Thursday, June 3, 2010

Finding our Web Soul

I have Web site envy.

It’s not that I don’t like Strategic Communications Group’s (Strategic) corporate Web presence. The current version of our Web site does its job just fine because it:

-Showcases our social media marketing campaigns for global brands like Microsoft, Cisco, British Telecom (BT), Monster and BearingPoint, as well as emerging growth companies such as Cimcor, Merchant Link and Appian.

-Demonstrates our senior team’s social media and Web 2.0 participation.

-Highlights our unique business model which places a priority on work/life balance for all employees.

-Validates our leadership through traditional public relations coverage.

Yet, the site lacks creativity, as well as differentiation from the myriad of other public relations, social media and marketing communications consultancies out pitching for business.

We have no inspiration or soul and, as a result we have fallen into the “just good enough” trap.

Others in our industry have avoided that trap. Check out ad shop Crispin, Porter & Bogusky. There have been mixed reviews of its unique Web presence, yet it certainly reinforces the notion that the firm delivers innovative thinking.

Then there is PR powerhouse SHIFT Communications and digital design firm R2 Integrated. Each firm’s Web site serves as a marker of differentiation.

Yesterday, I met with a colleague who recently joined Strategic and posed this question: what should we do with the next version of our own corporate Web site to communicate soul and inspiration?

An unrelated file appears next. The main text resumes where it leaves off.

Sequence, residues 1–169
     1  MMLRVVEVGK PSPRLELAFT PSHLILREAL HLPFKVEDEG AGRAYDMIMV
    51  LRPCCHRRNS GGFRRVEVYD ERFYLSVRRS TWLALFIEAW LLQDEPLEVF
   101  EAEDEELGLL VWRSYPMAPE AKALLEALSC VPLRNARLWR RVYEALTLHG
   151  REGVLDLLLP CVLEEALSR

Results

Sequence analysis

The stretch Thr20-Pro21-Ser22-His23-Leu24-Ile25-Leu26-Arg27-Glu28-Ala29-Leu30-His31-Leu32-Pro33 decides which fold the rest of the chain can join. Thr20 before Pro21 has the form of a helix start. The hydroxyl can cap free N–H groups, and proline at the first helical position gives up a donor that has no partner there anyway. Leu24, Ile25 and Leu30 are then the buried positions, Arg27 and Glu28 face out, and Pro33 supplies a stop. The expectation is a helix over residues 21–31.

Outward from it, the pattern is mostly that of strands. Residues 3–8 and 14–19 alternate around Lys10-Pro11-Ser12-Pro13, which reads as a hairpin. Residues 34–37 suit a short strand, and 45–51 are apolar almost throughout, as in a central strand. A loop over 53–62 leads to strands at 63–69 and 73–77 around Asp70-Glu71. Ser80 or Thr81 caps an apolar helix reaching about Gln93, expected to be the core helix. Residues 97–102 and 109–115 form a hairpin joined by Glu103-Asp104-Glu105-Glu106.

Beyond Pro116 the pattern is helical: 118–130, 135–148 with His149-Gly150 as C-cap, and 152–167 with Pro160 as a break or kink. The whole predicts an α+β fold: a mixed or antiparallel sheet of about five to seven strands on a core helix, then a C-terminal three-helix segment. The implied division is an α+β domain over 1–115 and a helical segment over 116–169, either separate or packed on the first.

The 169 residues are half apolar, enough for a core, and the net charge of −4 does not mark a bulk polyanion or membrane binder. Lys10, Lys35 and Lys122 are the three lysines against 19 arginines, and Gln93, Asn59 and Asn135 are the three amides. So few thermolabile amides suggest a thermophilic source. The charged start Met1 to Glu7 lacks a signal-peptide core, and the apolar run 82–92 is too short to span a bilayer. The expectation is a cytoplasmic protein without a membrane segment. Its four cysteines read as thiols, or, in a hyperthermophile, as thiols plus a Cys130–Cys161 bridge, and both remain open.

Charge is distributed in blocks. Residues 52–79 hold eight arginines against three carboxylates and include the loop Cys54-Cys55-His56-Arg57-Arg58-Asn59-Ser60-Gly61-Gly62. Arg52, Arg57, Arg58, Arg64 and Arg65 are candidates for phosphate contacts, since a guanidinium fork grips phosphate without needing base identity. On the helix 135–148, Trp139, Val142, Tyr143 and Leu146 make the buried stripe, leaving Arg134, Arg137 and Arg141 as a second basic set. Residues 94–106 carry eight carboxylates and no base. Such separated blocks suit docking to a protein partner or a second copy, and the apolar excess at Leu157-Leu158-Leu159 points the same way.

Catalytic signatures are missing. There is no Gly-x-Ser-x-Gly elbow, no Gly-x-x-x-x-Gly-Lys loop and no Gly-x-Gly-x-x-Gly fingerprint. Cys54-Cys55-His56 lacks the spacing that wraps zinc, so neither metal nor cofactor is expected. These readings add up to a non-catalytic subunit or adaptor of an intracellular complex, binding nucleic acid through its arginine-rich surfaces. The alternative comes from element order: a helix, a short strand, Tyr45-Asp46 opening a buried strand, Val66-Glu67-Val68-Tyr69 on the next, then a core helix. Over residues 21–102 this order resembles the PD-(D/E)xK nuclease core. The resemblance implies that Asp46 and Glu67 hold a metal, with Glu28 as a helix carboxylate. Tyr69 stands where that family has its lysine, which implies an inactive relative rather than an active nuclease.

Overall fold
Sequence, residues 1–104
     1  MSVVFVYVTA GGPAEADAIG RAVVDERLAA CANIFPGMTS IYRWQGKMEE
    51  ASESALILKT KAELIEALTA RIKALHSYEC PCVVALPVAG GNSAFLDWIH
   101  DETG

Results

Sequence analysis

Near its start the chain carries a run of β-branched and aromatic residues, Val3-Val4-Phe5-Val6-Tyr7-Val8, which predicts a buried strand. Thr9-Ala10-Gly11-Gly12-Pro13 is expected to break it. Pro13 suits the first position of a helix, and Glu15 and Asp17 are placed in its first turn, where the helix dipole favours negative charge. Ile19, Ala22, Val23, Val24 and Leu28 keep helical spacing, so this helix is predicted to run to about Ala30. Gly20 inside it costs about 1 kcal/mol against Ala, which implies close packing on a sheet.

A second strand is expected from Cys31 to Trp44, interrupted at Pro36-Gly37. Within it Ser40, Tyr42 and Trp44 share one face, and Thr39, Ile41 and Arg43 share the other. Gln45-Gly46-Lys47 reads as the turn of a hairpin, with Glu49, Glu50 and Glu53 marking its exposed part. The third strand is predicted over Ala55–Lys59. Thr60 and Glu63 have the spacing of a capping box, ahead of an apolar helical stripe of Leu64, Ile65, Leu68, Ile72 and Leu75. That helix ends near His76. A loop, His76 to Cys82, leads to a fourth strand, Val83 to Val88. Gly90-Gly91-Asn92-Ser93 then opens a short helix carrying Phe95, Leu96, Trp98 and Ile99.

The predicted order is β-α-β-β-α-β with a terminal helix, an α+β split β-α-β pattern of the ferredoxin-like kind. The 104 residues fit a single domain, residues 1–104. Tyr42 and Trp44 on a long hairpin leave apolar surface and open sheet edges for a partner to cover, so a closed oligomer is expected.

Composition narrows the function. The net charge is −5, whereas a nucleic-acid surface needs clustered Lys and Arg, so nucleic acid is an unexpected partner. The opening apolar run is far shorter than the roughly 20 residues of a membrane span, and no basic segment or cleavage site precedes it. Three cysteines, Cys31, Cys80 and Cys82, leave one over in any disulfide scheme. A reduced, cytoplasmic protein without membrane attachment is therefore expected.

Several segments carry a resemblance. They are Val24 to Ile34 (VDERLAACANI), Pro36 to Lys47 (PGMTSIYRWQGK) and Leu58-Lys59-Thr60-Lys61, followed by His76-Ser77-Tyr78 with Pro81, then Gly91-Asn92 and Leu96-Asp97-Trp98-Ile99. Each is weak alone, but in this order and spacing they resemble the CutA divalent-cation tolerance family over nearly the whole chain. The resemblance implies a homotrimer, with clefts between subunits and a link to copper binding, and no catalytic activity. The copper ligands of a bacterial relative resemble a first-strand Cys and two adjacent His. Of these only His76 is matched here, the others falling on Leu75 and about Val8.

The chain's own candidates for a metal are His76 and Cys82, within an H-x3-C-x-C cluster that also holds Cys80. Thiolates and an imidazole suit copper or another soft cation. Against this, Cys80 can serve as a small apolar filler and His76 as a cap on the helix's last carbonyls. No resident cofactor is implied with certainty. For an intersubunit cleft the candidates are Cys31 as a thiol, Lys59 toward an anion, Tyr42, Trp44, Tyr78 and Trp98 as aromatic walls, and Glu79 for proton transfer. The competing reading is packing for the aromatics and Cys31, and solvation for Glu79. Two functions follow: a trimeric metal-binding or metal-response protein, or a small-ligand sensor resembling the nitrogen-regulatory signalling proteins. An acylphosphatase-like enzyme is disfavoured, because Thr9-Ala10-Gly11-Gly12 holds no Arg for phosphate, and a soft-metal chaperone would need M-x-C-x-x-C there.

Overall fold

I’m giving her a few weeks to consider, ponder and evaluate. Stay tuned.


steven said...

This is a more common refrain that you may realize. Technology and "Soul" are not often common bedfellows.

All jargon aside, I feel most sites need to impart more of who we are than what we are.....

Too often you have too much content, too much "what" we are, so that a reader gets no visceral or emotional sense of identity or worse yet, value or fit.

As with most communication goals, it needs to start with what do we want people to understand about us? You know, "seek first to understand"...."seek first to be understood"....

If your site cannot do that then having site envy will continue....

why do clients do business with you and whats the most meaningful thing a client has ever said about your work.....?

Thats a good starting point when it comes to realigning content, as well as finding some soul.

Cristine said...

You have the advantage that most of your content is it just needs to become humanized. The website is a medium of communication first and foremost but this is often forgotten during implementation.

A few suggestions to ponder...